Massive boost: $2.5-B scholarship fund to train healthcare workers Loop Jamaica

The content originally appeared on: Jamaica News Loop News

The Government has announced a $2.5-billion scholarship programme to train healthcare workers whose skills will be needed to fill critical positions as the build-out and expansion of health facilities continue apace.

It is part of the Administration’s strategy to retain healthcare workers who are highly recruited by developed countries, in particular the United States and the United Kingdom.

Minister of Health and Wellness, Dr Christopher Tufton announced the Dr Barry Wint Memorial and Development Fund on Tuesday during his contribution to the 2024/25 Sectoral Debate in the House of Representatives.

It will run over five years at $500 million each year.

The scholarships will be open to Jamaicans who are pursuing studies in the following areas:

nursingmedicinepublic healthmedical technologyepidemiologyhealth records managementhospital/health care managementinformation systems for healthpharmacydentistryhealth economics

“These are some of the critical groups that we need to fill the gaps in our HR requirements. We will also be exploring overseas clinical rotations and remote faculty for expanded training in these areas,” Tufton shared.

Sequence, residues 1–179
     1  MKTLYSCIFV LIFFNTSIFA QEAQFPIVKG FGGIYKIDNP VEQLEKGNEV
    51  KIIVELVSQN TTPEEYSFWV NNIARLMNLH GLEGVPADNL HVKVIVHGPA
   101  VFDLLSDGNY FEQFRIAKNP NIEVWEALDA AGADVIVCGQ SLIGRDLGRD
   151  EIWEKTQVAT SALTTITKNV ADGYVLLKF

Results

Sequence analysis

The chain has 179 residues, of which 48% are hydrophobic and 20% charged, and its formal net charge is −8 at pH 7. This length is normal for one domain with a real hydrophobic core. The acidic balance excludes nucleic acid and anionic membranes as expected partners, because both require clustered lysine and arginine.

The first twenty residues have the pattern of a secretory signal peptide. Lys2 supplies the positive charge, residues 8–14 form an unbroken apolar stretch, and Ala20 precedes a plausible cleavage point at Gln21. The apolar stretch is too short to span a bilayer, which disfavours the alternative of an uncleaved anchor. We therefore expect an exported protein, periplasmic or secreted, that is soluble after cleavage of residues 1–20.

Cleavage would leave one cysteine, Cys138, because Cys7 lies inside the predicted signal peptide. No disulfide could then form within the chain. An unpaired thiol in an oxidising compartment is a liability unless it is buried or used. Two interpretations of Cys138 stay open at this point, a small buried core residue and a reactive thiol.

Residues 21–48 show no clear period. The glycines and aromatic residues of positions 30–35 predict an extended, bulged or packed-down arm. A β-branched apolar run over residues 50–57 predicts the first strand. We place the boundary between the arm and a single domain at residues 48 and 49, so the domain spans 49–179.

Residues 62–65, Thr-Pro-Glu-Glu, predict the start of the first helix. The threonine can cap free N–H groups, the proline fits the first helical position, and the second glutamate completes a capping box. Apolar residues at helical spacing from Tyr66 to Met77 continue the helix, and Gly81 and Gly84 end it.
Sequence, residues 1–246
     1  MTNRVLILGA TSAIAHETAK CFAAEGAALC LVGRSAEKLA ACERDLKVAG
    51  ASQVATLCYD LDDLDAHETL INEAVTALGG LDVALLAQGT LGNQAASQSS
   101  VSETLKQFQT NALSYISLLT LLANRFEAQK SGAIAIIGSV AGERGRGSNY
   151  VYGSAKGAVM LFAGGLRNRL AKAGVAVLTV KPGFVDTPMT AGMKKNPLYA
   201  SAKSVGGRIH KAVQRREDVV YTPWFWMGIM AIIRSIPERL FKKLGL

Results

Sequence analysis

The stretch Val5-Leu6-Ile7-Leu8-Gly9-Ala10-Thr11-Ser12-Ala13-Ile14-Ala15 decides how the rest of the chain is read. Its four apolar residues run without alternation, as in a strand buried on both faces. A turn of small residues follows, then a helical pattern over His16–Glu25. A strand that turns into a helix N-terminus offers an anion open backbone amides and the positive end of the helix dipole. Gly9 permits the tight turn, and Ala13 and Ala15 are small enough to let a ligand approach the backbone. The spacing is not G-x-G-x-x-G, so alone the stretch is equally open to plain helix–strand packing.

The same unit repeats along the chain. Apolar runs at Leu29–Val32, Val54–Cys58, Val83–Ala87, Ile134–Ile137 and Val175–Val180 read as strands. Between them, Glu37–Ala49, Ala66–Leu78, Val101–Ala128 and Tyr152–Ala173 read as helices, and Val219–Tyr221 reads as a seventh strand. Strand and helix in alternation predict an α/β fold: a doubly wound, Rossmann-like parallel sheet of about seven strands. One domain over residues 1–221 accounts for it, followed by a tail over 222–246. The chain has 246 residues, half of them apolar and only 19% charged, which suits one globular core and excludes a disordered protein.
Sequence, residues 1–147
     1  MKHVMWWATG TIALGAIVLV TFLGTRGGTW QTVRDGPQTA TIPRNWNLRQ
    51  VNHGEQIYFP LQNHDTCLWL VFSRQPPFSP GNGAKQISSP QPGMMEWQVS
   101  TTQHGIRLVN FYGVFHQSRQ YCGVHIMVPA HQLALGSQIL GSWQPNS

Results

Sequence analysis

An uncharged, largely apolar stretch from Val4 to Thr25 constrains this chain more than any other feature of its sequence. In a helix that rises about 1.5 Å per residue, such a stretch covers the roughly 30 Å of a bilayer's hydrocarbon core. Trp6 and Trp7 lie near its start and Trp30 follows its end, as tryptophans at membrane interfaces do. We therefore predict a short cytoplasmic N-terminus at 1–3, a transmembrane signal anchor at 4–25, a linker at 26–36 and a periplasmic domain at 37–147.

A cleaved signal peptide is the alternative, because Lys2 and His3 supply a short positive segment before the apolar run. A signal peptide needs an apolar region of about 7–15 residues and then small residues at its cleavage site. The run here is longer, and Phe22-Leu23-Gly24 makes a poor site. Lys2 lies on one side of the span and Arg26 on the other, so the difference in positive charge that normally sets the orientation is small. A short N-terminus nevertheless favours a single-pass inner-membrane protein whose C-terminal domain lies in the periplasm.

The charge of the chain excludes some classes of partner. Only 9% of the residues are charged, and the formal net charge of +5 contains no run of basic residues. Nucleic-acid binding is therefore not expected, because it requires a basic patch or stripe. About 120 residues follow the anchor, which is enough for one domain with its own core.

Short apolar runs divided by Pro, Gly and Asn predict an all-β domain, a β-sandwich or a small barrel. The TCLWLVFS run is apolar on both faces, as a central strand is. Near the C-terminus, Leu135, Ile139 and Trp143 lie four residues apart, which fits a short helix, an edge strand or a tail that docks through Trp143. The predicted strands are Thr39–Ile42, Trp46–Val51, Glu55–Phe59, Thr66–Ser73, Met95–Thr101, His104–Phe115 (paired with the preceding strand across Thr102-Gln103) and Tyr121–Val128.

He said the government was exploring the possibility of flexi-contract arrangements for persons who are trained jointly across jurisdictions and institutions, involving institutions outside Jamaica.

The minister said graduate and postgraduate students would be eligible to apply for the scholarships.

Importantly, successful applicants will have to commit and be bonded to working within the public health system for a period.

“We are hoping that this facility will be available for the semester starting September of 2024,” said Tufton.

Information related to the scholarship fund will be made available in the media and on the website of the Ministry of Health and Wellness by July 2024.

Said Tufton: “As we train, we will embrace a wider recruitment strategy. We will be strengthening the interagency collaboration around recruitment from non-traditional jurisdictions where we have shortages in specialised areas.

“We are hoping that this fund will provide the impetus for the transformation of the mind that we need while improving our retention strategy for critical health care personnel,” he said.

“I am making an appeal to our institutions of training to rise to the challenge, recalibrate their training curriculum to meet the practical challenges of our times in healthcare, forge partnerships inside and outside of the country, where necessary, and let’s truly make the difference that only a transformed mind can lead and achieve,” said Tufton.